Whereas some of EA Sports’ franchises are merely following a blueprint with very minimal improvement – sorry, Madden NFL 20, but I’m looking at you – NHL continues to be its knight in shining armor. There was something about how NHL 19 changed so much last year, but continued to be the refined hockey gaming experience we’ve been waiting to see.
And I’m happy to report that NHL 20 continues that trend. Its changes over last year’s game are minimal, but still worthwhile – and dedicated – enough to make this the king of the EA Sports crop. FIFA 20 still has a chance to take that crown, but there’s a lot to beat here.
The first thing players will notice about the game is how responsive – and inventive – the controls can be. Beforehand, nailing a one-timer for a potential goal and getting into a game of catch-up with a defensive man felt great enough as it is. But the developers added subtle little animations to actually make the game somehow feel even better, mainly due to transitions. That means every check has a bit more sense of realism, and the puck motion is second to none. What’s more, you can still play around with control options, just in case you need something easier.
The shots are more worthwhile as well, whether it’s a quick jab close to the net, or going for something more long range. And if you have a star player, you have a chance to gaining a “Signature Shot,” depending on whom you go with. That doesn’t mean the goalie will give you a break – they’ve been tweaked as well, and are sharper than ever, provided you don’t lower their difficulty down to dunderhead level.
NHL 20 balances both offense and defensive play so that they’re equally vital to your success, and no matter which one you go with, you’ll find very few flaws with execution. If anything, there will be a missed pass or even a puck that slips past your goalie, but that’s just the general nature of the game.
The general simulation is good fun, but NHL 20 goes beyond that, trying to cater to the “arcade” crowd that may remember the days of something like Wayne Gretzky’s 3D Hockey. It doesn’t quite go that arcade-y, mind you, but the variety is good stuff.
Pond hockey, which was a big hit last year, returns with a number of new locales, which you can play with a friend. And then there’s Threes, which is still as wild as ever, with a fast-paced approach and the kind of over-the-top commentary you’d normally expect from a less serious sport. Not quite WWE, but sort of there.
For those that prefer the opposite way for hockey – taking everything as devotedly as you can – there’s World of CHEL. It’s back with the introduction of a new “Eliminator” mode, which has you fighting at it in a tournament, where you either win or you’re taken out of the equation. There can be some gambles here, sure, and it’s kind of like the sporting equivalent of Battle Royale, but without the bloodshed. But it’s a neat mode that will truly test your skills, no matter which way you choose to play it. For good measure, you can also put together your own dream (or nightmare) player to finish the job.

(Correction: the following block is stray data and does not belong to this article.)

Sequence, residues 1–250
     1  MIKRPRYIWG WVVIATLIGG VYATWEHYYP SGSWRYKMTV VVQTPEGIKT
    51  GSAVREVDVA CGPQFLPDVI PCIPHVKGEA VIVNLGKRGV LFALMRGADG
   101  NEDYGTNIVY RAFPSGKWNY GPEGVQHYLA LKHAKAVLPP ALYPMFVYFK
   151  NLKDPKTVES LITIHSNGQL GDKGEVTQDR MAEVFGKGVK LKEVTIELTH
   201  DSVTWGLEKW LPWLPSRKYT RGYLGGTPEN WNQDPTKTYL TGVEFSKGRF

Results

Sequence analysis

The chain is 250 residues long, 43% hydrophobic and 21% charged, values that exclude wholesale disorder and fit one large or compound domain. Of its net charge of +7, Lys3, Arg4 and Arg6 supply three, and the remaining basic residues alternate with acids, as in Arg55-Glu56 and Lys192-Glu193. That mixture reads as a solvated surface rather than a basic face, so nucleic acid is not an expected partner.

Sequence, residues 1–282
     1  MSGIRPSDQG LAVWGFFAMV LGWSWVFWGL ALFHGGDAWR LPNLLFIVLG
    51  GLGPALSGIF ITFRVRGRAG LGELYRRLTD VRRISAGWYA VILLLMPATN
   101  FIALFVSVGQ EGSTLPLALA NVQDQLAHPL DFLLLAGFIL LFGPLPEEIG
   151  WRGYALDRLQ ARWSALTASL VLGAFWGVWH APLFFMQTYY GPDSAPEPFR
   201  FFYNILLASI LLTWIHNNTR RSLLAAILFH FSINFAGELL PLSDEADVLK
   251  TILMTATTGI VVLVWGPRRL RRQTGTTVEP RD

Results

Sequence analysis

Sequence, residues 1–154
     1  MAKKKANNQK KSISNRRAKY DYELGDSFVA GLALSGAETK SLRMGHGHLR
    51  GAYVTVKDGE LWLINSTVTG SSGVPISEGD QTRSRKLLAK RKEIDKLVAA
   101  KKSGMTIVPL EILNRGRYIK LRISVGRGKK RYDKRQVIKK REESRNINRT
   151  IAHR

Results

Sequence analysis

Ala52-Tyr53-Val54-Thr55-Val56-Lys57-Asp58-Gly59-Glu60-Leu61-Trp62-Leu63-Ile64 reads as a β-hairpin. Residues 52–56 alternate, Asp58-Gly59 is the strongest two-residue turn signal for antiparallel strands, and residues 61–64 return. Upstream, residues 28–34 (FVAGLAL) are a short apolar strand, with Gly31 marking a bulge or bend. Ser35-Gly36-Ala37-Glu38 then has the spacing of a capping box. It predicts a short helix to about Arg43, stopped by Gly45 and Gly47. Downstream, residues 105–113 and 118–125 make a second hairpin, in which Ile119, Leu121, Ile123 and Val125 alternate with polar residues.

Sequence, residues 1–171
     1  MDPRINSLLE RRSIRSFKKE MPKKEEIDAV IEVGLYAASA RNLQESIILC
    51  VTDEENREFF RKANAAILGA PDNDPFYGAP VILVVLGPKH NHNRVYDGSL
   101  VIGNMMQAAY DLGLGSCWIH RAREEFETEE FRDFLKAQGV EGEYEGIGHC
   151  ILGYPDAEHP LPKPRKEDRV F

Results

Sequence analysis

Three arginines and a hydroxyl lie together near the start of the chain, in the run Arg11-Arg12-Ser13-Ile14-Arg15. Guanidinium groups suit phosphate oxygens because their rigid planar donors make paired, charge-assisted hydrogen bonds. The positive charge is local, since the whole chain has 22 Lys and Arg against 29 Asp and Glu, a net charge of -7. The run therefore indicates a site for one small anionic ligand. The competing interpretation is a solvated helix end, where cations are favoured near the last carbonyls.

Other modes are good too. While there’s very little that’s changed to Franchise overall, it does have a better flow when it comes to smaller things, such as helping you manage a team to glory. Be a Pro is a worthwhile mode to return to, though most of the experience stays the same. And then there’s Ultimate Team, which once again packs a number of cards to pick up, which you can then craft into the best squad you can make it. Again, this is familiar territory, but it worked well in last year’s game…so why fix it?
That brings us to NHL 20’s visuals. And though some things are a little stiff here – particularly with player models and some crowd reactions (are they twins?!) – the overall look of the game is smooth for the most part. The new TV-style presentation shows some pizzazz in places that last year’s game lacked, and the smooth animations are off-the-charts good, especially when you leave a player wincing on the ground. (Sorry in advance.) The slow-motion enabled highlights are also a delight, and it’s great to see recaps of the game at the end, so you can be reminded of key moments – and, potentially, mistakes.
But the real exciting thing here is the commentary. Yes, it’s better than ever, thanks to a little bit of change-up. Canada’s own James Cybulski and analyst Ray Ferraro provide a charge of excitement with their talk, as they really know what they’re saying when it comes to hockey. There is repetition, sure; but that’s common for most sports games. These guys execute it with flair and, more importantly, facts that you may not want to skip over right away. It’s an interesting change from the old duo of Olczyk and Emerick, but a welcome one. Indulge, hockey fans.
The rest of the audio’s good too, with authentic sound effects, good arena music (some interesting song choices, but they fit well enough) and other little things (that organ music!) that make you feel like you’re right in the arena. Hardly any complaints here.
Where NHL 19 created a foundation that hockey fans could appreciate and enjoy, NHL 20 goes a little bit higher. Sure, some of the core modes and features are the same, but the gameplay has improvements; the presentation takes a huge leap forward with a fun new commentary team and detailed animations; and the modes, both online and off, will keep you occupied for some time. It’s truly an evolution in how sports video games should be, and I hope EA gives it the same level of love as it would Madden and FIFA. They’ve got something special here, and I hope it continues onward with next year’s NHL 21.
But that’s next year. Enjoy this hockey treat in the meantime!